Queensland’s clean energy pipeline could deliver 90 per cent renewable power if the government gives its full support, a new report claims.
The state’s wind and solar power industries are booming. However, a further 69 renewable projects may not go ahead, according to the ‘Renewable Energy across Queensland’s Regions’ report.
Green Energy Markets produced the analysis, which was commissioned by non-profit organisation Solar Citizens.
Strong government policy needed to drive renewable power
It found if all planned projects go ahead, they would generate around 14,867 MW of power, 33,975 construction jobs and 1,562 ongoing full-time jobs.
However, the projects’ approval could depend on whether the government revamps its energy policy, says Green Energy Markets analyst Tristan Edis.
The report also details the extraordinary growth of renewable energy across Queensland including large-scale wind and solar installations.
New government policy could also reduce electricity emissions further, Edis claims. “Strong, consistent and ongoing policy support for renewables” is therefore essential.
Since 2015 the state’s renewable project investment totals $4.2 billion, the report states. The sector would generate six times more jobs and yield economic benefits on completion of all pending projects.
90 per cent renewable energy in world class state
Queensland is already setting world class renewable benchmarks.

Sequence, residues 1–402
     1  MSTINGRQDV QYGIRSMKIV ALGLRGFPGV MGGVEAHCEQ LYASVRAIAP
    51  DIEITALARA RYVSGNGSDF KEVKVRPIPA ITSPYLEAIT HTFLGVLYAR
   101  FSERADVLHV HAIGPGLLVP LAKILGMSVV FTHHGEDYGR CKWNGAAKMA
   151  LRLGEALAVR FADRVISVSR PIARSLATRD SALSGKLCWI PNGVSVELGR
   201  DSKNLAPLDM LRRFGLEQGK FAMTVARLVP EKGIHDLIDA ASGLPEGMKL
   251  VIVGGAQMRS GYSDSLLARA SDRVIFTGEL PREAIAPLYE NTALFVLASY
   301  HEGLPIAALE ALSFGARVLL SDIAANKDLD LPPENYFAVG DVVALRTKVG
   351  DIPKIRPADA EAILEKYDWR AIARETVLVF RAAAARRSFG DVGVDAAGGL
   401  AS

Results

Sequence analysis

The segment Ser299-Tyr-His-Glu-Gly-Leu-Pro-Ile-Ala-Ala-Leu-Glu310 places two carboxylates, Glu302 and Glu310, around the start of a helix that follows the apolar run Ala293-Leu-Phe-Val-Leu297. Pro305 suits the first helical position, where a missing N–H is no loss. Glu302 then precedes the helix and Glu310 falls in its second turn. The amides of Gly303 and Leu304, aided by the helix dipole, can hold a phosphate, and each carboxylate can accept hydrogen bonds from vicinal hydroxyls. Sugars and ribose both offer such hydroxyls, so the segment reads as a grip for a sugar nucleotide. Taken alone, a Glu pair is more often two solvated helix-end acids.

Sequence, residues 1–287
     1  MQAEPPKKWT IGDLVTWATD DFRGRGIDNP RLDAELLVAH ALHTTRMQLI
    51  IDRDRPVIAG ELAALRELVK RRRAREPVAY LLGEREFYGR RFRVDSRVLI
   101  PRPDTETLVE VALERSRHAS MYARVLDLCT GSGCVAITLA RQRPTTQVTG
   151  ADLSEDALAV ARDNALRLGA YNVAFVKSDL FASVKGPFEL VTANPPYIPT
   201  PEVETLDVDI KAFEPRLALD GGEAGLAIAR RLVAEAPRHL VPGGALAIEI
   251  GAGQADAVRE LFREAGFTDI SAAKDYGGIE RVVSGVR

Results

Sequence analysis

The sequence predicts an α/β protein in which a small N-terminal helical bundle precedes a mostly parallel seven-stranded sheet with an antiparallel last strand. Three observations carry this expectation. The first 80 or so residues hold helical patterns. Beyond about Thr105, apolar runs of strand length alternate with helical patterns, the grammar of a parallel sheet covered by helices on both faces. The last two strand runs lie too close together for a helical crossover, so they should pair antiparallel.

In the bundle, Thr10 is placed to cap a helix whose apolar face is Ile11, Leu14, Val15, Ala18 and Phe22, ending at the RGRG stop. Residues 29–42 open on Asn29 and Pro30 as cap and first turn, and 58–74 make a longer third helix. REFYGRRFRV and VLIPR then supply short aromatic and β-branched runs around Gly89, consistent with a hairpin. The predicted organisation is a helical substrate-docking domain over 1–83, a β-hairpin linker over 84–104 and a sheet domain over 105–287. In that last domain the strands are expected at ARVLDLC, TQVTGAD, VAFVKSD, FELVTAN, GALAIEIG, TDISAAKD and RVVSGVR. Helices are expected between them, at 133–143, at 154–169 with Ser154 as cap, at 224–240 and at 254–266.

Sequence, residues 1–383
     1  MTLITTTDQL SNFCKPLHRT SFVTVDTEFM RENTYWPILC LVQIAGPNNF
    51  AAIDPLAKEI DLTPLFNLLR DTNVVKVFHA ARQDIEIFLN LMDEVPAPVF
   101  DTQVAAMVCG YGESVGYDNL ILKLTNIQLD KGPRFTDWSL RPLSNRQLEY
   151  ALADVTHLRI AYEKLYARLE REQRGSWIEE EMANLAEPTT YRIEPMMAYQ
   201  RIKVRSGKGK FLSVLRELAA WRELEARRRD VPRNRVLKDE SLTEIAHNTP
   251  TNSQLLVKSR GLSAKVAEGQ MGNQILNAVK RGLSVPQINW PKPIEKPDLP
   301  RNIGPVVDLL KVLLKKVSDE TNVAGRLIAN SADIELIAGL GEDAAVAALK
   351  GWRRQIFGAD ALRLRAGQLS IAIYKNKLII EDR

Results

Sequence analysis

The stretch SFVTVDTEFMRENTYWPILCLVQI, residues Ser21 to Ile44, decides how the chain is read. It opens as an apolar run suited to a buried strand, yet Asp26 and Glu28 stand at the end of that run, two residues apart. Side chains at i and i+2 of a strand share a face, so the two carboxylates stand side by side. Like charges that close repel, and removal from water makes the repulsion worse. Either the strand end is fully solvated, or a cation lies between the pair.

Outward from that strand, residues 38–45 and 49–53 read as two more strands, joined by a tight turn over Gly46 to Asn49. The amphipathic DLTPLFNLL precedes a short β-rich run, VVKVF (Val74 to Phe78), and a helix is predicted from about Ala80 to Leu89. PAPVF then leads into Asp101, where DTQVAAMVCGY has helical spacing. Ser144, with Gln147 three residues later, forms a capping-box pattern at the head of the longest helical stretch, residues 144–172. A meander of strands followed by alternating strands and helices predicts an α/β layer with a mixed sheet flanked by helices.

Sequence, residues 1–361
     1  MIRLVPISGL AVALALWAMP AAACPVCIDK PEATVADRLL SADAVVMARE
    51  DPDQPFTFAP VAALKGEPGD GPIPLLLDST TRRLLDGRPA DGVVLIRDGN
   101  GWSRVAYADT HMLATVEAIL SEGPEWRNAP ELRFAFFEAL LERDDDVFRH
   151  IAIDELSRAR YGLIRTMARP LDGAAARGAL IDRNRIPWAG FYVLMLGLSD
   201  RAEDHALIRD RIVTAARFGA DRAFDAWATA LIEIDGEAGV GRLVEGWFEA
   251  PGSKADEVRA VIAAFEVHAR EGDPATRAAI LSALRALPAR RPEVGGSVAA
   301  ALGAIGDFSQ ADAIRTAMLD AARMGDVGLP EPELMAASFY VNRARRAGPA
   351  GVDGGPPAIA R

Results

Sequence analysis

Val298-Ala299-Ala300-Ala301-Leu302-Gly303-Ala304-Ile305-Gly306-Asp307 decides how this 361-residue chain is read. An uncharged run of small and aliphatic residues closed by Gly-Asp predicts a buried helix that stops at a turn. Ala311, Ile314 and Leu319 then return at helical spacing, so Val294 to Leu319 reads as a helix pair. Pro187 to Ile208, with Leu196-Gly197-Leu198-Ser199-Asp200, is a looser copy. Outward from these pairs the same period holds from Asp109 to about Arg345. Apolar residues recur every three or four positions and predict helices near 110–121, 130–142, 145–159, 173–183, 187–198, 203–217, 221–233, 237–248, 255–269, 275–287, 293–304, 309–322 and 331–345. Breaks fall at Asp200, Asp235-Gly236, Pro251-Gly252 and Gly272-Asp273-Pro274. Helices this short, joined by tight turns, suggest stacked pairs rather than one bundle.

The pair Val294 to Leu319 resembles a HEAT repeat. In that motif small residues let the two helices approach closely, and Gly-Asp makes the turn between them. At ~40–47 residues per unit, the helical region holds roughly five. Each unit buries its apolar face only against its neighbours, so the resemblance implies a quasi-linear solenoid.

- Energy generation at Queensland’s wind and solar farms is 20 to 50 per cent higher than global equivalents.
- The rooftop solar boom now has 550,000 solar panel systems in Queensland. These support around 1,200 full-time jobs.
- Queensland homes are saving an average of $720 on annual electricity bills. Business savings clock in at $3,000. This equals $414 million savings state-wide.
- One quarter of Queensland’s electricity will be renewable by 2020.
Queensland boasts outstanding natural resources for wind, solar and hydro power generation. Yet it could still fail to reach its target of 50 per cent renewables by 2030 without a state policy of support.
Government repeats commitment to clean energy
The Queensland Labor government has invested $1.16 billion under the Labor government’s ‘Powering Queensland Plan’. This is to ensure an “affordable, secure and sustainable” electricity supply.
However, in July the Queensland Energy Minister Dr Anthony Lynham claimed there were no immediate plans to close the state’s coal-fired power stations.
An “orderly transition” from fossil fuels to clean energy is essential, he said.